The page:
Possessive pronouns, like possessive adjectives, show that something belongs to someone. A possessive pronoun replaces the ‘possessive adjective + noun phrase’:
Possessive pronouns are put immediately after the verb.
- This is my pencil → This pencil is mine.
- That is her dress → That white dress is hers.
- Our houses are on the hill.
- Two houses on the hill are ours.
How to form possessive pronouns
Possessive pronouns are formed like this:
- This black coat is mine.
- The rest of the cake is yours.
- The car in the yard is his.
- All these beautiful gowns are hers.
- That cat on the tree is not ours.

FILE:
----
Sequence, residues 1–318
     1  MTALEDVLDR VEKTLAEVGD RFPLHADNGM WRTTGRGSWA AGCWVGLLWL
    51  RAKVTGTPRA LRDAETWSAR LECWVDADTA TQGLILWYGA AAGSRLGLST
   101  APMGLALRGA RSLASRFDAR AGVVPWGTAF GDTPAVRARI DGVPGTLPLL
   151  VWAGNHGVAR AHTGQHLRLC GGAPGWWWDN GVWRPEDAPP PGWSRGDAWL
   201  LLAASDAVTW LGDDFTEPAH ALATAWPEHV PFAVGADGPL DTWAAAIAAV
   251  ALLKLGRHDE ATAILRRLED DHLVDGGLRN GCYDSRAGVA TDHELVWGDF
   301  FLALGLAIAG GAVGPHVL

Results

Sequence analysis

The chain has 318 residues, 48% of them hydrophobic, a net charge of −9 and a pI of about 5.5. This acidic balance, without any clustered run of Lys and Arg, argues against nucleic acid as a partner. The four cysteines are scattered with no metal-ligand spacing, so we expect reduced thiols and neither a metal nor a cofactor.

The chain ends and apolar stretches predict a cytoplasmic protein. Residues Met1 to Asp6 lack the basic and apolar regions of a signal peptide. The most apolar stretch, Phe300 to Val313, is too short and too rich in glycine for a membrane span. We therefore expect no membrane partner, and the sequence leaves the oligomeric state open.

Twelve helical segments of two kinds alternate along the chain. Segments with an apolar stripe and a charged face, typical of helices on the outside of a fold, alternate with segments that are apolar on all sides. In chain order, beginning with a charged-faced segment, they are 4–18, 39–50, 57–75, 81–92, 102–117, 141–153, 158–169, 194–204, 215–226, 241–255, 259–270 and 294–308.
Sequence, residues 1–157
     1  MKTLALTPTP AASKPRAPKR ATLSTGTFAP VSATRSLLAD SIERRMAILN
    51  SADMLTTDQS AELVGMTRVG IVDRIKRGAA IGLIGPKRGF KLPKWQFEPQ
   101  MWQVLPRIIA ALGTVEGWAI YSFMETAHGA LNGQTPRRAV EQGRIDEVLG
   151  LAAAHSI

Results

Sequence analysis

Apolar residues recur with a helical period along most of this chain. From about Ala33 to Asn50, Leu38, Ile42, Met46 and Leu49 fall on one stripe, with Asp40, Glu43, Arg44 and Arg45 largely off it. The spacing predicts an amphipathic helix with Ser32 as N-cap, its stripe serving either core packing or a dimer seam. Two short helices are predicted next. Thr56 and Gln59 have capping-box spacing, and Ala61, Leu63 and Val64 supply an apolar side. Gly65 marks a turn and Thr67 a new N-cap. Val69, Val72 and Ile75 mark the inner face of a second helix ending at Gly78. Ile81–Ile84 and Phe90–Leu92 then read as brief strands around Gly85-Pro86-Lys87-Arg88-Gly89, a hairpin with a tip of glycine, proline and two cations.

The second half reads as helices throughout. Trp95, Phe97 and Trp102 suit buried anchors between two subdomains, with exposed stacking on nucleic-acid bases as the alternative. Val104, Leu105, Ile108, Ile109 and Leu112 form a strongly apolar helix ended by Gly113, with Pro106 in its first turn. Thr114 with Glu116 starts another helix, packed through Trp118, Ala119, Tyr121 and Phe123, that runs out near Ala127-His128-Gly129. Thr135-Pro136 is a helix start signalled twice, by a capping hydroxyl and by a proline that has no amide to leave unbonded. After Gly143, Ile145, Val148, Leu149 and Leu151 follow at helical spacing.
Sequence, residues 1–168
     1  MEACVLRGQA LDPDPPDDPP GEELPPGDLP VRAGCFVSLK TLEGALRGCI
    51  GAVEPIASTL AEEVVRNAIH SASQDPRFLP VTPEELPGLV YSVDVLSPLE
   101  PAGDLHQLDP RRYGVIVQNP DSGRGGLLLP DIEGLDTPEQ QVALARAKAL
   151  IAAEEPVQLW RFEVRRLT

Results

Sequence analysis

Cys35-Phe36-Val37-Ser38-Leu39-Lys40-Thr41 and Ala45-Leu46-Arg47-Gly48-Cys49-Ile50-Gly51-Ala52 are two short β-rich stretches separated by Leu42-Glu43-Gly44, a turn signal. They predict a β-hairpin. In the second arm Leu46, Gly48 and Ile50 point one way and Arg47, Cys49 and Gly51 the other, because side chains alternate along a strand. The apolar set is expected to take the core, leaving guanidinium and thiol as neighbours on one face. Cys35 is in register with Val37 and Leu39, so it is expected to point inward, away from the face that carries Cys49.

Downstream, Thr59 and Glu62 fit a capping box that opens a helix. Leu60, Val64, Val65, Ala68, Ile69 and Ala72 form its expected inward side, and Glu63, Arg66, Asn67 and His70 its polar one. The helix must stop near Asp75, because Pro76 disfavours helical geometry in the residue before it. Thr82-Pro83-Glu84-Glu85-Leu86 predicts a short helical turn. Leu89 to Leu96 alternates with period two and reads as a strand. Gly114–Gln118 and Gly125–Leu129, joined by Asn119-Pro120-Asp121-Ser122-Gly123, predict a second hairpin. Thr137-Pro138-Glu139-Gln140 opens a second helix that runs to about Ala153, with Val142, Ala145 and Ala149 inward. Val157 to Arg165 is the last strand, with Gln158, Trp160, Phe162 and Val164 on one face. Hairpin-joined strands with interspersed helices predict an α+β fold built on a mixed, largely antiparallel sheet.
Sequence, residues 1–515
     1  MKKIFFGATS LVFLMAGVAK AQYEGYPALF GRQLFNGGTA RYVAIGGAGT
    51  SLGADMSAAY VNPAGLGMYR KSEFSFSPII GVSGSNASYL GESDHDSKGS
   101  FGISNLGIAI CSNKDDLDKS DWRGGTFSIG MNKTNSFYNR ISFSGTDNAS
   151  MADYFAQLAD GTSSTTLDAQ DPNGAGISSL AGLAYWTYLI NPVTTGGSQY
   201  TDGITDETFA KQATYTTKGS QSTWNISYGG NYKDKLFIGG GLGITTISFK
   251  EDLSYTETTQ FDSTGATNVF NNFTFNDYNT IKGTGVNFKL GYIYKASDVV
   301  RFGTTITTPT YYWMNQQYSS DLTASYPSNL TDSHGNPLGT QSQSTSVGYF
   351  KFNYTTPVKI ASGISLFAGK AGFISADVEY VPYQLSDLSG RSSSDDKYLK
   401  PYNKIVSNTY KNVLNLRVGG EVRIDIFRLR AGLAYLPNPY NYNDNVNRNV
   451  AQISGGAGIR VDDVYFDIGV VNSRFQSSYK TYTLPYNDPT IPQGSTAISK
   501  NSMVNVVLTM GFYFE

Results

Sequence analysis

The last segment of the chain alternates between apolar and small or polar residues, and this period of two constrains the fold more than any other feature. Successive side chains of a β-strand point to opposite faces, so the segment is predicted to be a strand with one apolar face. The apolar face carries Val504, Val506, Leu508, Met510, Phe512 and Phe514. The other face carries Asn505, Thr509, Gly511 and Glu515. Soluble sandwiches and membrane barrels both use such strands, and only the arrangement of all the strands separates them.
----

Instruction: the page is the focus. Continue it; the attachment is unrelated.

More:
- Guys, are these bags yours?
- Children said, the toys on the floor were not theirs.
How to use possessive pronouns
1. Use a possessive pronoun, when something is obvious:
- I think this phone is hers. (We don’t need to repeat ‘phone’. It’s obvious we are speaking about a phone.)
2. Use a possessive pronoun to avoid repetition:
- Is that your scarf? It’s very similar to mine. (To avoid repetition of ‘scarf’, we use ‘mine’ instead of ‘my scarf’.)
3. Use a possessive pronoun in place of a noun (never before a noun):
- That’s not their house. Theirs has got a red front door.
(We use ‘theirs’ in place of ‘their house.)
Watch this video from Crown Academy of English with many examples and explanation of how to use possessive pronouns: